West College (Old West) 2nd Floor
His research and teaching interests focus on 1) various dimensions of conflict analysis, conflict resolution and peacemaking, and 2) the ethnography of religious experience, including “folk” religion, religion and conflict, and the intersection of religion with race, ethnicity, and gender. These interests play out in his courses on conflict and conflict resolution studies, religion and conflict, ethnography of Jewish experience, folk religious practices in the Middle East and North Africa, and immigration and religious diversity in the US.
RELG 228 Confl, Violence & Peacemaking
Cross-listed with SOCI 230-03.
SOCI 230 Confl, Violence & Peacemaking
Cross-listed with RELG 228-01. This course will examine the nexus of conflict/violence and religious belief in an attempt to understand the confusing array of contemporary conflicts in which multiple sides claim divine authority for their actions. Looking at this "problem" across multiple cases, both domestically and internationally, this course will challenge you to understand the common patterns and variations to religiously justified conflict and violence, as well as the ways that religion can provide the deep narrative for conflict resolution and peace building.
JDST 247 Saints and Demons
Cross-listed with MEST 250-01 and RELG 247-01.
RELG 247 Saints and Demons
Cross-listed with JDST 247-01 and MEST 250-01.
MEST 250 Saints and Demons
Cross-listed with JDST 247-01 and RELG 247-01.
HEST 560 Stu/Faculty Collaborative Rsch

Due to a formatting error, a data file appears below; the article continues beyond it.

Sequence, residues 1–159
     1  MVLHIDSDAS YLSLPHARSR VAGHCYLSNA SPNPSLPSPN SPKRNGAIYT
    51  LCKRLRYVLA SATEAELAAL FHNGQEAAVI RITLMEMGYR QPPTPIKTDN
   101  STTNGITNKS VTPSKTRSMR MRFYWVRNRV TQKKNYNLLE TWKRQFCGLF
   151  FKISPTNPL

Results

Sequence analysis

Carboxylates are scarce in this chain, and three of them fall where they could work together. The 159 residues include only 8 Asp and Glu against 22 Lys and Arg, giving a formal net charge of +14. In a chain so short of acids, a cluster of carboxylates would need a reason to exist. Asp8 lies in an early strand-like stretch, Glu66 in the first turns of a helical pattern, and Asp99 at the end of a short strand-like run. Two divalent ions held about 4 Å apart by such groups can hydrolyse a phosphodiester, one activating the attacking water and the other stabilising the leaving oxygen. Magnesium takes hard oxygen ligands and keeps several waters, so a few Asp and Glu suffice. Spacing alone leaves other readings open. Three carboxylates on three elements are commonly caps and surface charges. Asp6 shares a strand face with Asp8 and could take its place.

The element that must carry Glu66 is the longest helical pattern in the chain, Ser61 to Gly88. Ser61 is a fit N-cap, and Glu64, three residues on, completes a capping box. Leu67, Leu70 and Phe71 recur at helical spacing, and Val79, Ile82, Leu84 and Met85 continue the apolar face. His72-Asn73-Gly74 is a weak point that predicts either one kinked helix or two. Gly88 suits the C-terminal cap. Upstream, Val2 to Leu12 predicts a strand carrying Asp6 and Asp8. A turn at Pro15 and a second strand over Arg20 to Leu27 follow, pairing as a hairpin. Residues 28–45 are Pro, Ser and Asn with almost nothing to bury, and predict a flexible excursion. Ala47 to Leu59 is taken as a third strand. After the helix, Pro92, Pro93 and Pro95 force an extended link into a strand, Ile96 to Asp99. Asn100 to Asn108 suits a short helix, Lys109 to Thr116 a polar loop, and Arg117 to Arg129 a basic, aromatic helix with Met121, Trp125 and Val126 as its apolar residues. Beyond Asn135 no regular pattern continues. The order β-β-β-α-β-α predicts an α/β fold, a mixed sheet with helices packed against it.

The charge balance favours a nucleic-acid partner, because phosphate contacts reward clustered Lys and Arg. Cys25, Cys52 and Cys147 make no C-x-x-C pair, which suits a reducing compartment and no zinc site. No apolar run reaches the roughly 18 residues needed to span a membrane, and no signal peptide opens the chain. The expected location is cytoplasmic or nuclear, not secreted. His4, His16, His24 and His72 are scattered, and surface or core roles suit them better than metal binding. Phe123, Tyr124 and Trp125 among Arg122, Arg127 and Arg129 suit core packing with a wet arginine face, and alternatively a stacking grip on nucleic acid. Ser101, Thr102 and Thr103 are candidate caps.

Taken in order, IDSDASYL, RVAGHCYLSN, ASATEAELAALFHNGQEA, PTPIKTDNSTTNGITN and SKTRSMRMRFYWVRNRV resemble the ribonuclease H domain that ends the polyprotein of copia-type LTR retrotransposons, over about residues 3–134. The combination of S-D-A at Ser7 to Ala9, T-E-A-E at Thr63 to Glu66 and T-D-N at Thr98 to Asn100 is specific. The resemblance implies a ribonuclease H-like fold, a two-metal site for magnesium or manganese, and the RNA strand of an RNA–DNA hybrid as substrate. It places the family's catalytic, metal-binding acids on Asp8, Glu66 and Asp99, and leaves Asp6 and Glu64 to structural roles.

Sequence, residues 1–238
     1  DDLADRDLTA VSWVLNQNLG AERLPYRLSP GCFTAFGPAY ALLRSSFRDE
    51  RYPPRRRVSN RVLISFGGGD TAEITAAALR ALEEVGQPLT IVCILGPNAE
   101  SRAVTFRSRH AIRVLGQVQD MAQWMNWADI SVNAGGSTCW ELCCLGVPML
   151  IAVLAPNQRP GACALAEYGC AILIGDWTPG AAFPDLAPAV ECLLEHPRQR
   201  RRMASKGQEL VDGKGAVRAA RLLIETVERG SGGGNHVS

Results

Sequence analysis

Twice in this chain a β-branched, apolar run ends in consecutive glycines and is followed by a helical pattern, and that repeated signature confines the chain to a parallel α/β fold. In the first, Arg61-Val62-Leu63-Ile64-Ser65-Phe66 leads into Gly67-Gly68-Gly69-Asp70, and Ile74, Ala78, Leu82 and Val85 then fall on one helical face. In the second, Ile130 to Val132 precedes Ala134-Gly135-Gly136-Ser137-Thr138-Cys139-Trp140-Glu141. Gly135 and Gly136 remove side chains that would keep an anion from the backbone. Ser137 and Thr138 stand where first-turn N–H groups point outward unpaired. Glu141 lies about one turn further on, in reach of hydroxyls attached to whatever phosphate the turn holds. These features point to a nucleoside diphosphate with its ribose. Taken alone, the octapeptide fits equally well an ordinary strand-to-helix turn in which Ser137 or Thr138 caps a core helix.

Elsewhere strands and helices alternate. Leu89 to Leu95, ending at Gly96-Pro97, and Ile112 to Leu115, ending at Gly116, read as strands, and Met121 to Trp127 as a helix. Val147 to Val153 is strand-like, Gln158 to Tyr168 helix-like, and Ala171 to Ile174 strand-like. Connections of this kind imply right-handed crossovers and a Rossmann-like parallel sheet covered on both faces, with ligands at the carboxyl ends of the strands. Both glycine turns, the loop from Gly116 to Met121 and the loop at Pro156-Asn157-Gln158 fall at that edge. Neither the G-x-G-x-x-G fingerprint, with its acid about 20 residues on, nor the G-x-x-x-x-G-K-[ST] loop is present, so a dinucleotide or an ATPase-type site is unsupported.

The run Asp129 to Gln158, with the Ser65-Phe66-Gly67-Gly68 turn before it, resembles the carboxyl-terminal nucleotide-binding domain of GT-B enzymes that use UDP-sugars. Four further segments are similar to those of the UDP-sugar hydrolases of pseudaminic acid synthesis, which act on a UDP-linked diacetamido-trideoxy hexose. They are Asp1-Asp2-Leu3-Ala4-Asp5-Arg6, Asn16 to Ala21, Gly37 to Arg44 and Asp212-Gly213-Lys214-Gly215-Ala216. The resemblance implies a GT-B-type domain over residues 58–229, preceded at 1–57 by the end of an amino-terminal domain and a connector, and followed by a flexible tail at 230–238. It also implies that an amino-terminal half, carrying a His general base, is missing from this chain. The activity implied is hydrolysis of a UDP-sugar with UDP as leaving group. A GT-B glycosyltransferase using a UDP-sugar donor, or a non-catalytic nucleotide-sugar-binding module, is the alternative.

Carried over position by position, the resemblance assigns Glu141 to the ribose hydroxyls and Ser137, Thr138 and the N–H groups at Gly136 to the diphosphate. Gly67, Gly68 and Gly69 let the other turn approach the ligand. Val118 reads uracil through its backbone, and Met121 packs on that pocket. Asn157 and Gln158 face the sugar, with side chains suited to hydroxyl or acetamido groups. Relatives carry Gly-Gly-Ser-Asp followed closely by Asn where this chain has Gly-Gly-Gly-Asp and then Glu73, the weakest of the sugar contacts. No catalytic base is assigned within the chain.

The course is a project-based learning opportunity (PBL) that examines the community health of two structurally similar but geographically distinct regions in Japan and the United States. The PBL project seeks to measure the health of these aging communities based on an investigation of resident “Quality of Life” (QOL). In so doing, the course assumes that high resident QOL is dependent on the effective support of local, regional, and national institutions. The course, therefore, has two fundamental aims: (1) to introduce students to local and national actors dedicated to the support of the aged and (2) to evaluate the role and effectiveness of these institutions on the individual level through quantitative and qualitative research with local elderly residents. The aims of the course are reflected in its structure. First, the course begins with an introduction to regional networks of governmental and non-governmental organizations dedicated to support of the aged. Following this introduction, students conduct surveys and ethnographic interviews with elderly residents in select neighborhoods. Finally, based on data acquired through site visits, surveys, and interviews, students present their evaluation of resident QOL in oral and written form. The course is divided into four main sections: 1. An introduction to the regional network of care providers: Students are introduced to regional networks of governmental and non-governmental organizations dedicated to support of the aged in both settings. 2. An introduction to national health care policy: Students meet regional and national officials and discuss programs and policies related to the elderly. 3. Completion of community based research. Students conduct QOL surveys and ethnographic interviews with elderly residents in select neighborhoods in both settings. 4. Completion of preliminary research paper and presentation. Based on data acquired through site visits, surveys, and interviews, students present their evaluation of resident QOL in oral and written form to interested community stakeholders. This eight-week program invites students to consider the similarities and differences in individual and societal perspectives and approaches to addressing health and aging. Throughout the program students are encouraged to compare across societies those factors which influence the health and well-being of the elderly.